Hollywood Executive Pleads Guilty to Defrauding New York Investment Fund of $30 Million

William K. Sadleir, Chairman and CEO of Clarius Entertainment, and guest seen at Clarius Entertainment Los Angeles Premiere of 'My All American' at The Grove on Monday, November 9, 2015, in Los Angeles, CA. (Photo by Eric Charbonneau/Invision for Clarius Entertainment/AP Images)
Eric Charbonneau/Invision for Clarius Entertainment/AP Images

Hollywood executive William Sadleir pled guilty on Thursday to two counts of wire fraud in connection with his participation in two schemes involving the defrauding of an investment fund called the Fund, according to a press release from U.S. Attorney’s Office.

Sadleir, who is the founder and former chairman of Aviron Pictures, was arrested last year on charges of involvement in a fraud scheme that allowed him to net over $30 million.

The Hollywood executive is now scheduled for sentencing on May 10 by U.S. District Judge Paul A. Engelmayer.

“William Sadleir used his talent for selling stories to con a New York investment fund out of over $30 million using a fake company, fake documents, and even a fake identity,” U.S. Attorney Damian Williams said.

“In a brazen plot that could be ripped from one of the films he distributed, Sadleir even made up a character that he named ‘Amanda Stevens,’ and masqueraded as her in an effort to get away with his fraud,” Williams added. “We called a wrap on Sadleir’s scheming, and he now faces significant time in federal prison.”

According to the Attorney’s Office, Sadleir was the chairman and CEO of Aviron, a production company that helped distribute of a number of films in the United States during his tenure, including My All American, Kidnap, The Strangers: Prey at Night, A Private War, Destination Wedding, Serenity, and After.

“Sadleir engaged in two fraudulent schemes relating to an approximately $75 million investment made by the Fund in Aviron,” the Attorney’s Office noted in its press release.

The first scheme, dubbed the “Advertising Scheme,” involved Sadleir telling the Fund that Aviron had invested in pre-paid media credits with the advertising placement company MediaCom Worldwide — a subsidiary of the advertising and media agency GroupM Worldwide.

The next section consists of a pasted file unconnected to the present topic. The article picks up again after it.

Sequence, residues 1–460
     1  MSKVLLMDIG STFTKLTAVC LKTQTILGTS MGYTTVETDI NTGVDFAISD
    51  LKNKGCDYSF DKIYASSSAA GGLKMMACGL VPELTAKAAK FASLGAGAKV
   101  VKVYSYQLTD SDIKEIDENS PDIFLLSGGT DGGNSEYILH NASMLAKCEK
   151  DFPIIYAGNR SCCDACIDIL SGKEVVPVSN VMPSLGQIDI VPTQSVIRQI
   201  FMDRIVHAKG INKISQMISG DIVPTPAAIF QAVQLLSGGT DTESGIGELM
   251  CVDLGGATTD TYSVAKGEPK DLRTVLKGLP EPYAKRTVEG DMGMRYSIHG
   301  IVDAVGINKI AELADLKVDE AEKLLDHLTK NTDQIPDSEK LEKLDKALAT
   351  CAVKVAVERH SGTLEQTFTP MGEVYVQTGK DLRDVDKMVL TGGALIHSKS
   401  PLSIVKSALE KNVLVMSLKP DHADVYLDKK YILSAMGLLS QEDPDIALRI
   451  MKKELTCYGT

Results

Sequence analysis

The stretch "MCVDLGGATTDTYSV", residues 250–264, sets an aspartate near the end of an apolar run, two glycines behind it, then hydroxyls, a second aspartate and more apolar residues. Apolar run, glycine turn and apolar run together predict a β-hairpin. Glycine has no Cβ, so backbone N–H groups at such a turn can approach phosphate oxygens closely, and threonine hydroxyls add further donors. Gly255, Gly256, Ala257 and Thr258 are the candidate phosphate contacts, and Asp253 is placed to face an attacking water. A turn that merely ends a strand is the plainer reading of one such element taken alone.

Instead, Sadleir set up a bank account for a sham New York-based company he created called “GroupM Media Services, LLC,” and used it to illicitly transfer more than $25 million out of Aviron.

The Hollywood exec then used “a significant portion of those illicitly transferred funds for his personal benefit,” which included buying himself a $14 million Beverly Hills home.

The Attorney’s Office goes on to say that Sadleir then told the Fund that he had bought an approximately $27 million balance in pre-paid media credits with MediaCom, and pledged a portion of those credits to the Fund as collateral for additional loans — but the credits did not exist.

That’s when the Hollywood executive created a fake identity — a New York-based female employee of the sham GroupM LLC named Amanda Stevens — who he used to correspond with representatives of the Fund.

“But Sadleir himself posed as Amanda Stevens when engaging in email exchanges with a representative from the Fund,” the Attorney’s Office said.

The second scheme, dubbed the “UCC Scheme,” involved Sadleir engineering the illicit and fraudulent sale and refinancing of assets worth over $3 million that secured the Fund’s loans to Aviron.

The Fund had secured its investment in Aviron by, in part, obtaining UCC liens on intellectual property and other assets relating to Aviron’s films. And in 2019, Sadleir used a forged signature belonging to a portfolio manager of the Fund to remove the Fund’s UCC liens.

Sadleir’s two guilty pleas each carry a maximum sentence of 20 years in prison, and a maximum fine of $250,000 or twice the gross gain or loss from the offense.

You can follow Alana Mastrangelo on Facebook and Twitter at @ARmastrangelo, and on Instagram.


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